Edward Dodwell's approach to Ancient Greece offers a startling
contrast to the way in which enlightened collectors of recent
decades have been responding to artifacts from the Greek and Roman
The Western world is about to turn its back on a 600-year-old
tradition that molded the mind-set of its cultivated elites until
the last century.
How profound the attraction of ancient Greek culture was on the
European establishment is revealed in a brilliant book published in
conjunction with a British Museum show, "In Search of Classical
Greece," that ended last week. John Camp, the renowned American
archaeologist, describes in the book the passionate recording
campaign in which an Englishman, Edward Dodwell, accompanied by the
Italian artist Simone Pomardi, drew all the ancient monuments they
came across from 1805 to 1806.
Dodwell's approach to ancient Greece offers a startling contrast
to the way in which enlightened collectors of recent decades have
been responding to excavated artifacts from the Greek and Roman
world, as was made clear at the Bonhams auction of "Antiquities"
The story of Dodwell reads like an English novel of the Romantic
age. Having obtained a bachelor of arts degree from Cambridge
University in 1800 at age 22 or 23, he took a long trip to Greece a
year later. Soon after his return to England, he left the country
again, this time heading for Rome, which would be his home until his
death in 1832. The Englishman, who clearly belonged to the upper
class, took up his quarters at the Palazzo Doria. His marriage in
1816 to the daughter of Count Giovanni Giraud, a famous beauty in
Roman society, leaves no doubt about his social status.
But Dodwell was no gadfly in the style of P.G. Wodehouse's Bertie
Wooster. In his day, a top university education up to the bachelor's
of arts level usually implied immersion in ancient Greek and Latin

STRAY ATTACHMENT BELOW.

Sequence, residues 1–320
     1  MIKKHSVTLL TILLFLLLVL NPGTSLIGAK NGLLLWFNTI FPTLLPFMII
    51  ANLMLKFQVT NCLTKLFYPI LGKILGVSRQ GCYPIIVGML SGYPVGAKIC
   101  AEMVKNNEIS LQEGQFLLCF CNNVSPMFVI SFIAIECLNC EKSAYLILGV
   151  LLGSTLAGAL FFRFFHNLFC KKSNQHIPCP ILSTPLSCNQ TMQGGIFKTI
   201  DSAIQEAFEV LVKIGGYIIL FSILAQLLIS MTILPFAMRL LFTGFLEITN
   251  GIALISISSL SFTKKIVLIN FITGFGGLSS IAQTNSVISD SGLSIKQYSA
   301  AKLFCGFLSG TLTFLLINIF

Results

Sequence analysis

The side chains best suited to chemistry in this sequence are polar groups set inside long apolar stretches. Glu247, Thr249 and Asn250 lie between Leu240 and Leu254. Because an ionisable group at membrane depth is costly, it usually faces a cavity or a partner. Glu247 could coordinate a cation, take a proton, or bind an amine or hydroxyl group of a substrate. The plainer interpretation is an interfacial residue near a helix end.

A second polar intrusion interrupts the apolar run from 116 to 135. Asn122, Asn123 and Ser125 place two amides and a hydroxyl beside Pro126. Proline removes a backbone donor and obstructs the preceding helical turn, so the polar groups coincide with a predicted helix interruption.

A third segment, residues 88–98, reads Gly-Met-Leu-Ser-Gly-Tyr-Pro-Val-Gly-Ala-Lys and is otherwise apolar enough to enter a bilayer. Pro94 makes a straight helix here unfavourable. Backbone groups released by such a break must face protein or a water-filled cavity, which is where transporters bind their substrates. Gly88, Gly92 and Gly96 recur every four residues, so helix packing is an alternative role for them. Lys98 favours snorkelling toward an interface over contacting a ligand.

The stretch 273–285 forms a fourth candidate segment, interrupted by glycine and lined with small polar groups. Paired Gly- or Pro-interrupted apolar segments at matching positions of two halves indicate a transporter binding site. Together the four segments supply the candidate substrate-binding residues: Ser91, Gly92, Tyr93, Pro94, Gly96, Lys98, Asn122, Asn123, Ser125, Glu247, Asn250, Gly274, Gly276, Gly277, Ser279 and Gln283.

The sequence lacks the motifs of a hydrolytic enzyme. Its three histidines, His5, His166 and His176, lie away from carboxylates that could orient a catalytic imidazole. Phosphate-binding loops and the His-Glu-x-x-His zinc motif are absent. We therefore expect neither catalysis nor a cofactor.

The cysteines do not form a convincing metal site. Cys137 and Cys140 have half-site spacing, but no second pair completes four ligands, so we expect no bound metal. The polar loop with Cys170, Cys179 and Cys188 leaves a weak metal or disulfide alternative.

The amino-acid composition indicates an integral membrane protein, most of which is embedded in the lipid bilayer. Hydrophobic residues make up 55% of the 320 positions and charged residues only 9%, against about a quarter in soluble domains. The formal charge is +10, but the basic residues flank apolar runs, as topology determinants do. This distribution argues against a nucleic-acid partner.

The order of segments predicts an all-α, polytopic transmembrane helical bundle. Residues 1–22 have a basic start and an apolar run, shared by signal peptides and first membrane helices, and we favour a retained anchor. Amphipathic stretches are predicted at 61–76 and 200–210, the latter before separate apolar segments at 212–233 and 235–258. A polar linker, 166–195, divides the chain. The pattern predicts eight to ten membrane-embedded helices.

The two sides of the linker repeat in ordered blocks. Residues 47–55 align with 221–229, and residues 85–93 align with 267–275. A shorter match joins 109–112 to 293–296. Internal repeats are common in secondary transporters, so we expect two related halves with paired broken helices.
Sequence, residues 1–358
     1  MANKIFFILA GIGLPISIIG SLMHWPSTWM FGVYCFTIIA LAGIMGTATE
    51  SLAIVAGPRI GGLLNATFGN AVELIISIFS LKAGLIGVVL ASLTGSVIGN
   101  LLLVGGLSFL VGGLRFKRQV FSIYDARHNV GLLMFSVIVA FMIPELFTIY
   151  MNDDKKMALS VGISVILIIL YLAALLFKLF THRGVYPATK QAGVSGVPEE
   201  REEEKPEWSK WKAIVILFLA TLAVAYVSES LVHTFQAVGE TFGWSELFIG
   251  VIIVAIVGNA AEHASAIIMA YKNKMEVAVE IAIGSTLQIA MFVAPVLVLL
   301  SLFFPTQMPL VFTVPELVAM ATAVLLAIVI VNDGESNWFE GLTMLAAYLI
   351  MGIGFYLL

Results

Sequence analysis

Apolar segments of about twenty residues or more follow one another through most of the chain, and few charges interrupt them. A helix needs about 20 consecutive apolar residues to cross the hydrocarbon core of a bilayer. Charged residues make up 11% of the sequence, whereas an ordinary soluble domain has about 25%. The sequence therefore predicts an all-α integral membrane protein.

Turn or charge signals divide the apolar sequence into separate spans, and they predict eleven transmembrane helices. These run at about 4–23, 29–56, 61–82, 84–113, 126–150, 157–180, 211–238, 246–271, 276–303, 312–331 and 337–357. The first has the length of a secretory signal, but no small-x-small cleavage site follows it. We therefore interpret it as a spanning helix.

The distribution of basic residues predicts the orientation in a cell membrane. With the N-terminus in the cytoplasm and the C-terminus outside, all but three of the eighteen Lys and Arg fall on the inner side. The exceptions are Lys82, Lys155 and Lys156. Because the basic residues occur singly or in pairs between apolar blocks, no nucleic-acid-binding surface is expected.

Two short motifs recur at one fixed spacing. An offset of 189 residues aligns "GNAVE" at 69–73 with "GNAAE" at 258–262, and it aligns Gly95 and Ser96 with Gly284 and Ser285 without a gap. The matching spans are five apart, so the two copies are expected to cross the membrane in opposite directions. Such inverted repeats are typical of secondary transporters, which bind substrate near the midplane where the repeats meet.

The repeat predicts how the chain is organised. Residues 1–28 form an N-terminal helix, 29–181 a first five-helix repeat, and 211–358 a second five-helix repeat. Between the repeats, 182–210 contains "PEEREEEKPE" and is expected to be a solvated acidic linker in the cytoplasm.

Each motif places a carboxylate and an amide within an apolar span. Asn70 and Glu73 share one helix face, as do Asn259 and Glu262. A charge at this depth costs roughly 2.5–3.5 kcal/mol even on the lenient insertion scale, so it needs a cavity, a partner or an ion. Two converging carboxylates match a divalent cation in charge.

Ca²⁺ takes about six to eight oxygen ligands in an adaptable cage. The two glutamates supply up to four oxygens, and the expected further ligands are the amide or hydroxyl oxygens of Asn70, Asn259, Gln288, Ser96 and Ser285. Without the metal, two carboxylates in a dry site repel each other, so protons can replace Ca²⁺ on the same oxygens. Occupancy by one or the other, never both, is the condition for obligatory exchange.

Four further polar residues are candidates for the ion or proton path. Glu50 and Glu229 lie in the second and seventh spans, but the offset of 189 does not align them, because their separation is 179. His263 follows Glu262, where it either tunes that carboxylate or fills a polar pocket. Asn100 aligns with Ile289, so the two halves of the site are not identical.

literature. In his account of Greek sites, "A Classical and
Topographical Tour Through Greece," published in 1819, the traveler
used 50 different ancient sources. Mr. Camp notes that in the diary
of his 1801 trip, young Dodwell quoted Tacitus in a manner that
reveals intimate familiarity with the Roman historian's text.
Yet the Briton was anything but a bookworm. His education had
included mastering the rudiments of drawing. Helped by Pomardi, who
was admired for his views of Rome, and progressing as he went on,
the Englishman brought back impeccably documentary images. He
evidently had hit it off with the Italian painter, who was his elder
by 20 years.
Kim Sloan, the British Museum curator of British drawings
preceding 1880, analyzes the watercolors reproduced in Mr. Camp's
book. She quotes the relevant passages in Dodwell's 1819 publication
and describes in detail the condition of the sites and monuments
then and now.
Dodwell's passion for ancient Greece comes across forcefully in
his notations. He vents his fury at witnessing the damage caused to
the Parthenon by Lord Elgin, who had just received an edict from the
Ottoman sultan. It left his lordship at liberty to rip off the
marble slabs carved in high relief, or "metopes," that crowned the
top of the structure.
These "were fixed in between the triglyphs [rectangular stone
blocks] as in a groove, and in order to lift them up it was
necessary to throw to the ground the magnificent cornice by which
they were covered," the traveler observed.
His denunciation is the more telling because Dodwell was an eager
collector. He came to own some 150 pieces of stone from monuments in
Greece picked up on the ground or dug up, plus 259 Egyptian pieces
and 602 Greek, Etruscan and Roman objects essentially bought in
Italy. The bulk of his collection, acquired after his death by King
Ludwig I of Bavaria, can be seen in the Staatliche Antikensammlung
in Munich -- barring objects destroyed by Allied bombing in World
War II. These tragically included the imposing archaic urn painted
with a frieze of lions bought by Dodwell at Mertese, near Corinth. …